Prime Minister Malcolm Turnbull’s commitment to call a double dissolution election if the Australian Building and Construction Commission bill isn’t passed has significant support from voters — but he would struggle to win an election at the moment, according to today’s Essential Report.

Just 23% of voters oppose Turnbull calling a double dissolution election, while 44% support it, with even Labor voters backing it 37%-34%. Liberal voters back it 65%-11%, while 33% of voters say they don’t know.

However, the Coalition primary vote is currently on 43%, unchanged since last week, while Labor is also unchanged on 38%. The Greens, however, are down another point to 9%, the first time their vote has dipped into single figures since June, following strong criticism from Labor about the party’s deal with the Coalition to allow Senate voting reform changes through the Senate. The two-party preferred outcome remains at 50%-50%.

Voters are also sceptical, if not outright cynical about Turnbull’s reasons for a double dissolution election. Only 14% of voters believe Turnbull’s main reason for a double dissolution is “because Parliament won’t restore the ABCC”; 30% agree that “his Government is losing support and he will have a better chance of winning if the election is held early” while another 25% believe the main reason is that “he wants to get rid of the independents in the Senate”. Even Liberal voters, while more likely to believe it’s because Turnbull genuinely wants to restore the ABCC (23%), think it’s more because he wants to eliminate independents from the Senate (27%) and even because he wants to go to an election early to avoid losing more support (22%).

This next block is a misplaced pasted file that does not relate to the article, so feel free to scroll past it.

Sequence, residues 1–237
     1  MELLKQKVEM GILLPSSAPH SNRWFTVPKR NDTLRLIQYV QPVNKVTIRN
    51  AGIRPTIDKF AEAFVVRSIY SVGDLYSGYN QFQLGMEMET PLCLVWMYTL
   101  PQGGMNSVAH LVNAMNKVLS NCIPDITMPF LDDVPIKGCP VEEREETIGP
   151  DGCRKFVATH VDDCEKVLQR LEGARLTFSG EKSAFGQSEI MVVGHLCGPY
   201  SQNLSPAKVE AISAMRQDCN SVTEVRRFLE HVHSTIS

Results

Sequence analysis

The government also faces a difficult challenge to convince voters of the need for company tax cuts, one of the few remaining options on the tax reform table. Sixteen per cent of voters say company tax cuts are more important than income tax cuts, while 62% say income tax cuts are more important; voters split almost exactly the same, 61% to 19%, on whether income tax cuts or company tax cuts would be better for the economy. And while Coalition voters prefer company tax cuts slightly more, even they are strongly against company tax cuts, 58%-27%.

Party attributes have undergone some interesting changes since November. The extended bout of dithering from the government over tax reform has left voters confused: 46% of voters believe the Liberal Party has “a vision for the future” compared to 54% in November; “clear about what they stand for” has fallen from 46% to 39%; “has a good team of leaders” has fallen from 48% (the highest recorded level for the Liberals since the question was first asked in 2009) to 41%. Meanwhile, the perception the Liberals are “divided” has increased from 56% to 61%.

Labor, however, has undergone its own shift. Perceptions that Labor is “moderate” have fallen from 56% to 47% while perceptions it is “extreme” have risen five points to 35%; perceptions that Labor “understands the problems facing Australia” and “looks after the interests of working people” are both down five points.

Head to head, the results are mixed: the Liberals have a huge lead on “too close to the big corporate and financial interests”, 62% to 35%, and trails 19 points on “looks after the interests of working people” but leads by 11 points on “has a good team of leaders” and is still more “clear about what they stand for”, than Labor, but only by four points.

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Peter Fray
Peter Fray
Editor-in-chief of Crikey
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